Surprising EU court ruling holds websites responsible for reader comments

eu court human rights liable euchr
The Internet is going through a teething period at the moment, where it straddles between the wild west of yesteryear, with whatever it will be tomorrow. To help figure out what that is, we need to decide to what extent websites are responsible for the comments of their users. In the opinion of the European Court of Human Rights (EUCHR), their responsibility is significant, as its latest ruling on the matter has made a news site accountable for some of the statements posted by its users.

This decision by the court is noteworthy since it is opposed to the European Union’s protections for E-Commerce, which as Ars points out, “guarantees liability protection from intermediaries,” as long as they implement a notice-takedown system.

This ruling has divided commentators, with some suggesting that this is the beginning of the end of web freedoms, since it provides a precedent for other cases, while others believe this is a happy middle ground, where the site simply didn’t take enough action to delete the comments. It’s a difficult line that needs to be toed by everyone involved, ourselves included.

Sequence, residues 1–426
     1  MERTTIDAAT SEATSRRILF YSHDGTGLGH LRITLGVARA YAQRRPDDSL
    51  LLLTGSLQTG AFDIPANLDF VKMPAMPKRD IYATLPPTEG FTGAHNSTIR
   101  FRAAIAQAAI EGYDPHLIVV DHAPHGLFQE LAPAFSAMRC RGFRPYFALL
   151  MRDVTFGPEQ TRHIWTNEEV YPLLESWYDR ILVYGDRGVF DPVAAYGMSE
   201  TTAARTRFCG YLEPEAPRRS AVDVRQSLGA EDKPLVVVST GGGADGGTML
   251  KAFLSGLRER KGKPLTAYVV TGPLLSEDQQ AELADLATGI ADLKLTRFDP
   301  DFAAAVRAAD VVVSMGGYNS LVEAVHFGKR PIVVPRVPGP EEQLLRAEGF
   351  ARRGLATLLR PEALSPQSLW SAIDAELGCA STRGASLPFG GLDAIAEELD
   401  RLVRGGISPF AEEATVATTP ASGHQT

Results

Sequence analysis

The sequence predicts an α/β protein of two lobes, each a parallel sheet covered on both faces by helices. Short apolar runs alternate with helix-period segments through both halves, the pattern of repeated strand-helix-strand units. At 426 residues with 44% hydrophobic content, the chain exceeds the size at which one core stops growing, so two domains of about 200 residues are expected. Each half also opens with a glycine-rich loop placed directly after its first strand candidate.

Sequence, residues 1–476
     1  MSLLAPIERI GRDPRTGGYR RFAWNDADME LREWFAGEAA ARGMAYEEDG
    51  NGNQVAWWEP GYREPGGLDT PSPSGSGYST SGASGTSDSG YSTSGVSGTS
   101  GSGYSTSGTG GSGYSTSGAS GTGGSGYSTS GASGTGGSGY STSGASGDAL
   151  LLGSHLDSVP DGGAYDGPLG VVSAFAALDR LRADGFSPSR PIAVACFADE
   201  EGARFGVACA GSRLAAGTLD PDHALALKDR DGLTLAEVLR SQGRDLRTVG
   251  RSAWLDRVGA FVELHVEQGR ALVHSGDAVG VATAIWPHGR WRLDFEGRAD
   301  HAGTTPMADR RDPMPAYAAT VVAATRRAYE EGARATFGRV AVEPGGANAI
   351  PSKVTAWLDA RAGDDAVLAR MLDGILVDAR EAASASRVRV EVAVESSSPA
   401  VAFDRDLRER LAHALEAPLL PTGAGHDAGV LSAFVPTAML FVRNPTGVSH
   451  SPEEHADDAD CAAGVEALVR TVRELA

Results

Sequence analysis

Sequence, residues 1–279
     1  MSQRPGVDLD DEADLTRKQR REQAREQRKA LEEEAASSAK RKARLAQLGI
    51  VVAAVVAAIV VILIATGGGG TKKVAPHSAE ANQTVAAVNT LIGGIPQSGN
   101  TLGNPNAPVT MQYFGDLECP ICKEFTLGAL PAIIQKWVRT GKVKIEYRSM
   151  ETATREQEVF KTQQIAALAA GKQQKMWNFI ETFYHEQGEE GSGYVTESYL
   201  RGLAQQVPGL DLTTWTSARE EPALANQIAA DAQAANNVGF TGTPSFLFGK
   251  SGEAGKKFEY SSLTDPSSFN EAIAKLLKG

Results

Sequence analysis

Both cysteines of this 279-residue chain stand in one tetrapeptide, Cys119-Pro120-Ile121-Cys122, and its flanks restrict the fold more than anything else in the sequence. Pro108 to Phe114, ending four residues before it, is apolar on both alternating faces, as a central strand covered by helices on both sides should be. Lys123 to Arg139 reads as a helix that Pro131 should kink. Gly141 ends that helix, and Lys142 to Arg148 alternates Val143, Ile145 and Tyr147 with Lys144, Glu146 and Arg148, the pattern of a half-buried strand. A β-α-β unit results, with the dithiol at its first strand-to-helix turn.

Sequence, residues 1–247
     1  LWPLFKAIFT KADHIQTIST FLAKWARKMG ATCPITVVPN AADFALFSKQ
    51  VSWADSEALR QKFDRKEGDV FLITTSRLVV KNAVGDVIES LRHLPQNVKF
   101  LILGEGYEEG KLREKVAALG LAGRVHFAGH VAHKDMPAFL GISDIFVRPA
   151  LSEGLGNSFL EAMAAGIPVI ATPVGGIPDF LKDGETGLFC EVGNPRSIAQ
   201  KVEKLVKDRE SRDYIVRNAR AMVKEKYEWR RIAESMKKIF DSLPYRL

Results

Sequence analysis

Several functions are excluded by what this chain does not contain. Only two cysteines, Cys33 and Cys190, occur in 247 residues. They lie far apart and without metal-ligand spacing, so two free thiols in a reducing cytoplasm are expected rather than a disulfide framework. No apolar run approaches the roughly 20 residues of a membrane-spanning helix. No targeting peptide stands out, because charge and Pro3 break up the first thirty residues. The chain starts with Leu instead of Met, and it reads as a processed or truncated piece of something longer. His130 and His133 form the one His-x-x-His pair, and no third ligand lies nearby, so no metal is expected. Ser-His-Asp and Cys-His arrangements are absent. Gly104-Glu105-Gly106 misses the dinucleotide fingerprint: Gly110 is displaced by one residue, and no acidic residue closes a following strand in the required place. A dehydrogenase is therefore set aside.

The real problem with any decisions like the one taken by the EUCHR, is that whether sites should bear some responsibility or not, enforcing it is difficult. Reported comments can be investigated, but on what scale? Should administrators merely miss a post that is deemed offensive or hateful, is negligence as punishable as allowing that content to be posted in the first place?

Fortunately for those concerned, the European Court of Human Rights has limited legal jurisdiction. Its ruling in this case cannot be used to change national or international law. It may be cited by lawyers, though, and the fact that this ruling was reached by many of the court’s 47 member states hints at the climate of opinion in the region.

Emerging Tech

Meet the MIT scientist who’s growing semi-sentient cyborg houseplants

Elowan is a cybernetic plant that can respond to its surroundings. Tethered by a few wires and silver electrodes, the plant-robot hybrid can move in response to bioelectrochemical signals that reflect the plant’s light demands.

Lincoln revives its coolest-ever design feature for limited-edition Continental

The 1961 Lincoln Continental became a design icon thanks to center-opening "coach doors" (also known as "suicide doors"). Lincoln is bringing those doors back for a special edition of the 2019 Continental.
Movies & TV

The best shows on Netflix, from 'Haunting of Hill House’ to ‘Twilight Zone’

Looking for a new show to binge? Lucky for you, we've curated a list of the best shows on Netflix, whether you're a fan of outlandish anime, dramatic period pieces, or shows that leave you questioning what lies beyond.
Home Theater

How to master your equalizer settings for the perfect sound